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Student Well-Being From Our Research Center

Data: What We Know About Student Mental Health and the Pandemic

By Sarah D. Sparks — March 31, 2021 3 min read
Young adult holding up a lot of stress and pressure.
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It’s been a rough year.

Since the pandemic began, children and adolescents have higher rates of anxiety, depression, and stress, and even more specific issues such as addictive internet behaviors.

“I’ve never had so many referrals than in the last six months. … Normally it’s two or three a month and now it’s maybe two a week,” said Celeste Birkhofer, a licensed clinical psychologist at Stanford Medical School who works with children’s mental health issues. “I’m booked. I try to help send them to other colleagues and they’re booked, too. It’s challenging, especially challenging for a family that’s feeling like they’re in a bit of a crisis.”

The U.S. Centers for Disease Control and Prevention reported that from April through October of last year, the proportion of children between the ages of 5 and 11 visiting an emergency department because of a mental health crisis climbed 24 percent compared to that same time period in 2019. Among 12- to 17-year-olds, the number increased by 31 percent.

And that increase took place in a virus-laden year during which many people were hesitant to seek medical attention.

The effects of the pandemic on students are likely to be felt for years to come, experts say.

“The issue is that there can be a very long delay. It can be someone reacts to an event that happened a year or two or 10 years ago with a kind of trauma-related response or depression or suicide,” said Sara Gorman, the research and knowledge director for the JED Foundation, a national nonprofit that works with high schools and colleges on student mental health issues. “We obviously won’t know what the full impact of this is for many years, which is one of the reasons why it’s important for schools to be prepared to deal with this in a very comprehensive and long-term way.”

In a nationally representative survey of more than 2,000 parents and nearly 900 teenagers this fall, the JED Foundation found that fundamental fears about the pandemic—how long it will last, whether the student or their family will get ill—cause more anxiety for teenagers than keeping up on their academics or getting ready for college. That suggests helping students learn to cope with the pandemic will be critical to keeping them focused on school.

EdWeek survey highlights disparities

In a separate new nationally representative survey, the EdWeek Research Center asked both educators and students in grades 9 through 12 to talk about the mental health challenges they’ve faced and supports they’ve received during the pandemic.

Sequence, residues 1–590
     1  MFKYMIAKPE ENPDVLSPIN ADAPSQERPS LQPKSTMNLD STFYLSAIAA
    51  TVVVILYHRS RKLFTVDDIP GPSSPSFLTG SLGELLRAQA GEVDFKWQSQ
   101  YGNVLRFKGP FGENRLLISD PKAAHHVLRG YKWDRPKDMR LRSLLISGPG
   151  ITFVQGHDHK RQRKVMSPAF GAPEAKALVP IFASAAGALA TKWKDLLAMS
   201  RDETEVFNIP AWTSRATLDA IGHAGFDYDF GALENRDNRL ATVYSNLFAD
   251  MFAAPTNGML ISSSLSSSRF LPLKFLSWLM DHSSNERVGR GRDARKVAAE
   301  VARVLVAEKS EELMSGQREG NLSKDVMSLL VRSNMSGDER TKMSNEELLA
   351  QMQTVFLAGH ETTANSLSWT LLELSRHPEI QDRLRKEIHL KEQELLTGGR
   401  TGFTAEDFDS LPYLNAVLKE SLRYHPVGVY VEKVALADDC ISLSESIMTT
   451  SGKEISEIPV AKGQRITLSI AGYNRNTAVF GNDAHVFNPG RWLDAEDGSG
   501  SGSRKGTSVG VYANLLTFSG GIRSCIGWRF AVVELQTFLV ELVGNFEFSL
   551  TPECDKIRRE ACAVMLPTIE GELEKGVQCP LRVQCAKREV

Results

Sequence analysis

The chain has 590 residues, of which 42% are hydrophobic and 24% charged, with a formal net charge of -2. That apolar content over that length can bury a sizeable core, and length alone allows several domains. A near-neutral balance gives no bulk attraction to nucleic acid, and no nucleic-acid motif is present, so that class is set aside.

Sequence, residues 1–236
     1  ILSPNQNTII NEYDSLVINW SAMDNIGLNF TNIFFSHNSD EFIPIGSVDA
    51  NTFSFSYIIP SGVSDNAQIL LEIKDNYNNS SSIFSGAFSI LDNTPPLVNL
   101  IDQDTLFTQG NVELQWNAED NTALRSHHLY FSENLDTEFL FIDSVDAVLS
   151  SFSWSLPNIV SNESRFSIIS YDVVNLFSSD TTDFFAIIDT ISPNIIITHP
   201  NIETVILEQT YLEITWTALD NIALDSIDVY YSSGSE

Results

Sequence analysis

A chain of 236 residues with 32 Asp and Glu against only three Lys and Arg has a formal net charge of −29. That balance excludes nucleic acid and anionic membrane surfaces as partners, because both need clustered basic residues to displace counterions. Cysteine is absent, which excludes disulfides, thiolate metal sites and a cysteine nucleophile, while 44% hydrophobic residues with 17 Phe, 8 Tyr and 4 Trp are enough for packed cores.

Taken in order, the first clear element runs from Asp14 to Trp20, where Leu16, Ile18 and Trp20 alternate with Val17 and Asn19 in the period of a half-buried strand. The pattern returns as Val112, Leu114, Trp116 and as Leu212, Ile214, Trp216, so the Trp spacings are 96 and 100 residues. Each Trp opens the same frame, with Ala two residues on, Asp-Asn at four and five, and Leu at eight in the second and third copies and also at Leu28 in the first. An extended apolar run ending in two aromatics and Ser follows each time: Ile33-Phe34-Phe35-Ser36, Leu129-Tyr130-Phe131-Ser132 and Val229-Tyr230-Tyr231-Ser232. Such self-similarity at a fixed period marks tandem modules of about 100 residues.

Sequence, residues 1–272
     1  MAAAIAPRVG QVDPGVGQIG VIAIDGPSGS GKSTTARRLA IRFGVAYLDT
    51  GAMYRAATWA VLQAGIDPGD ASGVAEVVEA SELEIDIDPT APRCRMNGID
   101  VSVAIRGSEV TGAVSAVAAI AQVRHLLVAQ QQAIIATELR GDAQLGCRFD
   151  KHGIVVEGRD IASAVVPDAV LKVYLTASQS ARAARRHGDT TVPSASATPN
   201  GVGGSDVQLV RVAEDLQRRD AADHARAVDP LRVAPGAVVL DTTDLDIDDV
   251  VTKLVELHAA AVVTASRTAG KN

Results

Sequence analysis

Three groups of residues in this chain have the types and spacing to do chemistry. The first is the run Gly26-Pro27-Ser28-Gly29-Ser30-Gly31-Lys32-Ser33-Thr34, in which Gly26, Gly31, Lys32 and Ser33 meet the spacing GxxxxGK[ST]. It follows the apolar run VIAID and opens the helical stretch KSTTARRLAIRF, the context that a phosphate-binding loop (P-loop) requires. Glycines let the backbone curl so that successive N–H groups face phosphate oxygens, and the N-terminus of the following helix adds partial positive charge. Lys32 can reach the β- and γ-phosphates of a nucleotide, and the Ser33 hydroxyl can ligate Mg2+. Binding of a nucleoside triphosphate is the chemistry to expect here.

The survey also highlights disparities in how the pandemic has affected high school students. A wide majority of all students reported they are experiencing more problems now than they did in January 2020, before the pandemic began, but 77 percent of Black and Latinx students reported more struggles, at least 9 percentage points higher than the percentage of white or Asian students who said the same. Low-income and LGBTQ students were also significantly more likely to report experiencing more problems in the wake of the pandemic.

While nearly 1 in 4 white students are back to full-time in-person classes, it’s closer to 1 in 10 Black, Latinx, and Asian American students who are attending in person full time. By contrast, 64 percent or more of students of color are still learning entirely in remote classes, compared to only 41 percent of white students.

That can make a big difference in how easily students feel they can get support when they are struggling mentally and emotionally. Only 64 percent of high school students who were in full-time remote classes reported there was “at least one adult at school to talk to” if they are “feeling upset, stressed, or having problems”—9 percentage points lower than students attending hybrid schooling, and 20 percentage points lower than students back in regular in-person classes. Students, particularly low-income students, were also significantly less likely to report that their school offered mental health programs like counseling than their principals did, and they were more likely to think mental health services were no longer available after the pandemic.

The question of resources remains huge and uncertain, however.

The federal COVID-19 relief package signed into law March 11 includes grants to support youth suicide prevention and child trauma interventions, but it does not provide direct funding for schools for student mental health. There has been some effort by Democrats in the U.S. House of Representatives to authorize grants to school districts through the federal Substance Abuse and Mental Health Services Administration, but no similar bill yet in the Senate, and it’s uncertain how successful the effort will be now that the stimulus package has been completed.

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Coverage of whole-child approaches to learning is supported in part by a grant from the Chan Zuckerberg Initiative, at www.chanzuckerberg.com. Education Week retains sole editorial control over the content of this coverage.
A version of this article appeared in the March 31, 2021 edition of Education Week as What We Know About Student Mental Health and the Pandemic

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